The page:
Special 4th of July Post: Heifer Project honored by German leader of displaced persons

As Americans celebrated our Independence Day circa 1960, a German newspaper reported that a resettled displaced German from World War II celebrated along with us. The translation of this inspiring story from the Heifer International archives follows (inserted photos were not a part of the article):

Thanks on the day of Independence for help in hard times

Langenhagen (a rural district of Hanover). Every year on July 4th one inhabitant of Langenhagen hoists the American flag in front on his one-family house. Already early in the morning, when the news vendors and the boys that bring the buns come, it flutters proudly at the high flagpole. Those who do not know the reason wonder and ask what that means, but the neighbors in the housing-estates street and many refugee farmers all over Lower Saxony know the reason. This flag is a symbol of thanks which one man here privately says to the American people. Thanks for 828 prolific heifers, given by USA farmers to refugee farmers in Lower Saxony in the postwar years, in order to help them to overcome their great losses.

Courtesy of Heifer International.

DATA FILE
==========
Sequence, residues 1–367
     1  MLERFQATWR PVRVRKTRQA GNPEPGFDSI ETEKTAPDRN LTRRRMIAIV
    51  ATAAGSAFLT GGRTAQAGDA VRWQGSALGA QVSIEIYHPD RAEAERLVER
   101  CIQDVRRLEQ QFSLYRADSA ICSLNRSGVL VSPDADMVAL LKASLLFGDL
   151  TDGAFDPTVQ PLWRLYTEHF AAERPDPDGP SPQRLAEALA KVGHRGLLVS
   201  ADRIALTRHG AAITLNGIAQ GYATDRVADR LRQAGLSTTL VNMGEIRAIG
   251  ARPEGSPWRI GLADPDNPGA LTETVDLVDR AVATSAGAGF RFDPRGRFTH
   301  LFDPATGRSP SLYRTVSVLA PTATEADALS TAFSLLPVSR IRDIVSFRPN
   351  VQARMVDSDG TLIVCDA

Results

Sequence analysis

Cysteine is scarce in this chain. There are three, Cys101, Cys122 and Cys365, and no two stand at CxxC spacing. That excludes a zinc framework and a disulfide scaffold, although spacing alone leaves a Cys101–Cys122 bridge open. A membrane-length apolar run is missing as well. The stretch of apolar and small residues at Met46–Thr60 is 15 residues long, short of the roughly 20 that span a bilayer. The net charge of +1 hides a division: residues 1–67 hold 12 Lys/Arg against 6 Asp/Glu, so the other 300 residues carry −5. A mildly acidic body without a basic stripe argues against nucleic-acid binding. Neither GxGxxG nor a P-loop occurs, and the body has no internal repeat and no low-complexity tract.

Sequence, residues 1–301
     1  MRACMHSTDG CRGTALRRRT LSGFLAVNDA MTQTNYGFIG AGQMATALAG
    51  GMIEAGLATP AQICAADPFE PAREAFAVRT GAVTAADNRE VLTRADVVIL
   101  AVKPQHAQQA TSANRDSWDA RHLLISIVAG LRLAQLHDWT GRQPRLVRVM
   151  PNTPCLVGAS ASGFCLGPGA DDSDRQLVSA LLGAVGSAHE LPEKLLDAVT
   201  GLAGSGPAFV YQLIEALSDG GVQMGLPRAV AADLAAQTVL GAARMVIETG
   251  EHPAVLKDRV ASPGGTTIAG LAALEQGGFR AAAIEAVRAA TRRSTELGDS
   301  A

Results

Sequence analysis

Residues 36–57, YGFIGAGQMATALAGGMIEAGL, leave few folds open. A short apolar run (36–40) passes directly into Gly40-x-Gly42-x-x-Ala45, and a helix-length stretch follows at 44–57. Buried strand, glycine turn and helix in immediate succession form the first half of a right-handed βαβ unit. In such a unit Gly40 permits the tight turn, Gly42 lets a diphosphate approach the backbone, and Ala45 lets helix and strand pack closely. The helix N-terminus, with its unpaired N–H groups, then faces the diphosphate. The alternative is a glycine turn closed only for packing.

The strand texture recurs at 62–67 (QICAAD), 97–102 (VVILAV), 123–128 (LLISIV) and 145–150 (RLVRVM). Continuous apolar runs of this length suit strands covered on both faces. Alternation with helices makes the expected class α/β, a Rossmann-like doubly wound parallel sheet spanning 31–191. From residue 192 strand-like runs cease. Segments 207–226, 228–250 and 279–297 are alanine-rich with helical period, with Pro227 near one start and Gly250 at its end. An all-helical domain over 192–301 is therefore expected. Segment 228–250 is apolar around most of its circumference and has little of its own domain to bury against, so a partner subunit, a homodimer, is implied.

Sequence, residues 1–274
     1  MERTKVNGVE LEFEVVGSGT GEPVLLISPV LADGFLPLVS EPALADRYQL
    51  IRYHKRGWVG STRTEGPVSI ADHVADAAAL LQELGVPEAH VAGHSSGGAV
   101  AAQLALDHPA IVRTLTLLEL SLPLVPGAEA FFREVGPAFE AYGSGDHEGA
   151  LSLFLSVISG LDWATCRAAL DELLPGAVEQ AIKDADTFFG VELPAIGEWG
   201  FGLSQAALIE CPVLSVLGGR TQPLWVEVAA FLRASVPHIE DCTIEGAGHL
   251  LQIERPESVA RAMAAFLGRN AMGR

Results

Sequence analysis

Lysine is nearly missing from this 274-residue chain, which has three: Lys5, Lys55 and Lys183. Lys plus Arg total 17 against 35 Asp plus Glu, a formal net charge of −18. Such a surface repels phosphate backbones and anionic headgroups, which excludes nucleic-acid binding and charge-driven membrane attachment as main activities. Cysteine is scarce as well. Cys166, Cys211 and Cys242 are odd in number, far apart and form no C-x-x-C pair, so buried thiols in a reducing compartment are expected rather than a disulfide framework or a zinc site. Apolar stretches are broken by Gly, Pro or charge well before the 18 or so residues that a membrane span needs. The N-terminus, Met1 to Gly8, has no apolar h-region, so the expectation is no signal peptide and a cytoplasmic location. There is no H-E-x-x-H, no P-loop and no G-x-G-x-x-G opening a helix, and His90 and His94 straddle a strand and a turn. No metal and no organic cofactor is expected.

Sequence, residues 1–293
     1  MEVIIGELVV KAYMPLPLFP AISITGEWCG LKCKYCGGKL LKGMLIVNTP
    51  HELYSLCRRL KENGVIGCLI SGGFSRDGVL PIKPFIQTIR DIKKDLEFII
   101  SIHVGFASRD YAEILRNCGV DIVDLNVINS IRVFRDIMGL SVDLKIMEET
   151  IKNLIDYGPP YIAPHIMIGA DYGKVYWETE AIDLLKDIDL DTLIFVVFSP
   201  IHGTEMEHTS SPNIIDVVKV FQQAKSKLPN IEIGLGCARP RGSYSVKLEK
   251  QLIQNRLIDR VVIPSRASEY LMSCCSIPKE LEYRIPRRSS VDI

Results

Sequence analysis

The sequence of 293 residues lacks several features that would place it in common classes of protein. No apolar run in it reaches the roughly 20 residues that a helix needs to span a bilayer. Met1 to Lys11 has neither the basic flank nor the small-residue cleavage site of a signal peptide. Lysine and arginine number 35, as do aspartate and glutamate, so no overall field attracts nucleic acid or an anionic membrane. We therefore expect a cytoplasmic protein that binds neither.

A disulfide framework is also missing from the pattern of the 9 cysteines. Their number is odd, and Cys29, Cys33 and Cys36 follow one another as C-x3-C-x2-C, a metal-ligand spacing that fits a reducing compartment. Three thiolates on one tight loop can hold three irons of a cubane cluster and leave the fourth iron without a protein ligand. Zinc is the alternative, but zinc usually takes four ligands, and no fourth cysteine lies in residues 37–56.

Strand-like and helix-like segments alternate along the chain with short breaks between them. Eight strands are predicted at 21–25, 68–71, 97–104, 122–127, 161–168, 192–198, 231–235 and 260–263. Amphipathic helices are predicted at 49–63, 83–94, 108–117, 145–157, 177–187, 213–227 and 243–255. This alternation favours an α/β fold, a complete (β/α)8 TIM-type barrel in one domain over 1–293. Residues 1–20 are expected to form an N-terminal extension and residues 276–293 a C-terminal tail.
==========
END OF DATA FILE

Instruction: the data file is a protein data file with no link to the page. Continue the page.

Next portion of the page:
On July 4th, 1776, the declaration of independence of the USA was signed. Since then this day has been widely celebrated in the USA. Everybody who is in possession of a flag, hoists the flag; and thus Hans Moehrl, director of the Agrarian Department of the Confederation of Displaced Persons for the state of Lower Saxony also hoists the flag in his house at Langenhagen. “I just feel I must thank the American people for their help, and I thought I might express this thanks by celebrating with them their national holiday.”

He speaks with great emotion of the cattle gifts. Totally 3500 heifers (cows that calve for the first time) were brought into the Federal Republic of Germany. The churches of all confessions in the USA did this action jointly, and the children collected the money for the transport in the children’s services. The animals that were appointed for Lower Saxony were put up in the cattle-auction hall at Lehrte and during a festive hour they were given to the refugee farmers. Often a pastor accompanied the transport as cowboy, often the givers themselves came along and accompanied the animal as far as the new cow barn. The refugee farmers had to assume the obligation to give the first female calf to another refugee farmer, and thus a great deal of boon followed this action.